When coming upon the phrase “pipe smoking in Korea”, you may well have pictured something like the image above, a photograph of the famous hero and U.S. Army chaplain Emil Kapaun, or this man, the renowned Captain Reginald Walter Saunders of Australia:
Well, they did smoke pipes, and they were in Korea. The subject of this entry, however, reaches farther back and deals with the common-day. The common-day practice, that is, of smoking pipes by Koreans, in Korea – the country, not just the war. Some may be surprised how ubiquitous not only the pipe, but the growing of tobacco once was on the peninsula. Introduced shortly after the end of the Imjin War (1592-1598), tobacco quickly became highly prized amongst Koreans. Though initially a rare and costly import, anyone who could manage it set about growing their own, until one could hardly throw a stone without hitting someone carrying a pouch of native leaf and a pipe.
Thus reported Consul General Allen in 1898:
“The Koreans are great smokers. Both sexes and all classes begin smoking early in life and keep it up most diligently. Tobacco is not used by them in any other method than smoking. The pipe is the constant companion of every Korean man and woman. However poor an individual may be, there always seems to be some method of obtaining tobacco for the pipe which he or she is sure to possess, whatever else may be lacking.
The tobacco used by the Koreans is almost entirely home-grown. Every farmer or gardener has his little patch of tobacco, much of which is very good in quality, but is injured in curing, being simply hung up under the wide eaves of the house to dry. It is quite strong. The supply seems to be ample, and the price is very low. No leaf tobacco is imported.”
As in the Americas, in Korea those pipes enjoyed by laborers in the field or alley, and pipes enjoyed by well-heeled merchants or persons who resided on estates, differed in design. Like your common cob or clay, the common Korean pipe was kept rather short. Like the elegant clays and Churchwardens of the Western well-to-do (the former not to be confused with clay “tavern pipes,” designed to be broken shorter with each use), a greater length of smoking instrument was as much an affection of status as it was a concern of cooling the smoke.
Reed, as you might expect, was not a material in short supply; the habit of a Korean pipe’s length increasing in proportion to a smoker’s social status (or, at least, pretentions to social status – there’s always one of that sort wherever you go) was a reflection of the inverse proportion of practicality it offered. A pipe three feet long could not very well be smoked by a person hauling a hundred and fifty-pounds of rice on their back. You had to sit down to enjoy it. This meant, of course presumably, that you were someone who had the luxury of sitting down. A pipe about two feet in length, on the other hand, might be enjoyed while on your feet, as long as you were someone who didn’t need their hands to do anything else.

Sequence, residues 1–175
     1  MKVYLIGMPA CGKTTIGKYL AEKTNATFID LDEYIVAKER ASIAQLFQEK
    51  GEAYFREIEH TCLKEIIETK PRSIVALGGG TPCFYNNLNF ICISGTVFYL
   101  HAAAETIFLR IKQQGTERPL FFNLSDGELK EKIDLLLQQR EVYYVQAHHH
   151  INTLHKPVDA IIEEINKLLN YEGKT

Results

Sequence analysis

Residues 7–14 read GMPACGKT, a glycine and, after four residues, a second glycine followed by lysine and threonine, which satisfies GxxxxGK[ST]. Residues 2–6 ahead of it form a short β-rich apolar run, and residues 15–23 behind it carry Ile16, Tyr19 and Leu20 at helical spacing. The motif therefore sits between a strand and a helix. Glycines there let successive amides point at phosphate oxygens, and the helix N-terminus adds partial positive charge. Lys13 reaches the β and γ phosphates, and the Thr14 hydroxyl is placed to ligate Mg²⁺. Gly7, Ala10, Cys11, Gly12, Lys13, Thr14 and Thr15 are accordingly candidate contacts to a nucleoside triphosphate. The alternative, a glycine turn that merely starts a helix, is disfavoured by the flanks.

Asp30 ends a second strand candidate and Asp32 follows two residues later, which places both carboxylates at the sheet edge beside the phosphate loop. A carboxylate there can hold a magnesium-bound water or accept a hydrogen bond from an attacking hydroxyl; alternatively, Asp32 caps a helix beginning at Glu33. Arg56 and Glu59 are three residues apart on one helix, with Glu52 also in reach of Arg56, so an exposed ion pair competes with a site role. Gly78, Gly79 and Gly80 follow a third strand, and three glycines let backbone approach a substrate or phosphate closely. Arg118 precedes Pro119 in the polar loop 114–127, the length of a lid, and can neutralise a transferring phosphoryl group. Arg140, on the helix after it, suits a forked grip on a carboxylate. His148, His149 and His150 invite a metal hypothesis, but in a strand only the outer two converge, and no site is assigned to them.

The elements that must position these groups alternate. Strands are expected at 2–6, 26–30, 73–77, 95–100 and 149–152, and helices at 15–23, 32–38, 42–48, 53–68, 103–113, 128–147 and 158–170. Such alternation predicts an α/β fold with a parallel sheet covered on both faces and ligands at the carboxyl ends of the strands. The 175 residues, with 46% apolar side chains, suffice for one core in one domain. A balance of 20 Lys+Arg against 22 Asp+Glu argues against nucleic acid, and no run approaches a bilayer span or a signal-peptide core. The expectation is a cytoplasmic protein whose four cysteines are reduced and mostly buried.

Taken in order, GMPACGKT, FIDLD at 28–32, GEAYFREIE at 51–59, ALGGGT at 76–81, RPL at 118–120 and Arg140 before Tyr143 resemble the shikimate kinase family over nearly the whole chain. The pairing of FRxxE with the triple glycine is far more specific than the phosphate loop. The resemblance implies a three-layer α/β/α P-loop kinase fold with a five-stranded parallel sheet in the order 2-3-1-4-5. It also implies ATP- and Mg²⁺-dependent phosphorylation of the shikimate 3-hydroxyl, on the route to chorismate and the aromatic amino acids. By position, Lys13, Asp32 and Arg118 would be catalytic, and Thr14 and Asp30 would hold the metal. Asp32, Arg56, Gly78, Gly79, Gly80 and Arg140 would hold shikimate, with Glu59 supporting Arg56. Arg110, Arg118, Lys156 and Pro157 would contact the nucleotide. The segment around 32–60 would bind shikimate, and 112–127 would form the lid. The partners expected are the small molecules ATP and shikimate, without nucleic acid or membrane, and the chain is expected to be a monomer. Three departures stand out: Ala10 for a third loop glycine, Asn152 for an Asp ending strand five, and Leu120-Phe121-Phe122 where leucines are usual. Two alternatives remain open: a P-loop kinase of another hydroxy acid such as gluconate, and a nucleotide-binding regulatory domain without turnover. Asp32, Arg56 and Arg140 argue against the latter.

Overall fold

Feel free to picture for a moment a young and swaggering fellow (or perhaps an older one who never quite got over that phase of his life) trying to haul a load or work with his hands while at the same time puffing on a yard’s worth of pipe. Now picture the frequent disaster this would likely produce. With nearly the entire Korean population of both genders, all classes, and all ages considering a pipe and a pouch of tobacco as much a daily necessity as the clothes on their backs, there were bound to be more than a few who insisted on trying it out. One wonders if the various bans on smoking in urban areas, occurring during the period from 1692 to 1717 in an attempt to reduce accidental fires, might not have been a consequence of those who, as it were, affected to carry more pipe than they could really afford.
Materials, naturally, differed with one’s place in society as well. The common pipe was patterned roughly after the Japanese kiseru, with a brass or copper bowl, the aforementioned reed of varying length, and a mouthpiece of, again, brass or copper.
A laborer might carry such a pipe of a foot in overall length; an urban artisan or village elder might have a pipe of the same simple materials, but long enough to need an apprentice or attendant to touch flame to the bowl as he or she puffed at the other end. Moving up into the more affluent circles, a greater range in materials became available to reflect a greater disposable income, less concern for durability, and more allowance for personal expression. While Consul General Allen observed that all who could manage a long reed-and-brass pipe affected one “both for coolness and for looks,” it was the instrument of jade, silver, gold and amber amongst other precious materials that an ambitious Korean dreamed of one day smoking.
Such pipes would be akin to a certain long Churchwarden that Adam once found on display in Charleston; originally the property of a late 18th century postmaster and made entirely of silver, excepting a short horn bit. Far more numerous in the same American museum, it should be noted, were shorter and handier clays, one of our Colonial-period equivalents to a Korean brass-and-reed of a foot or so.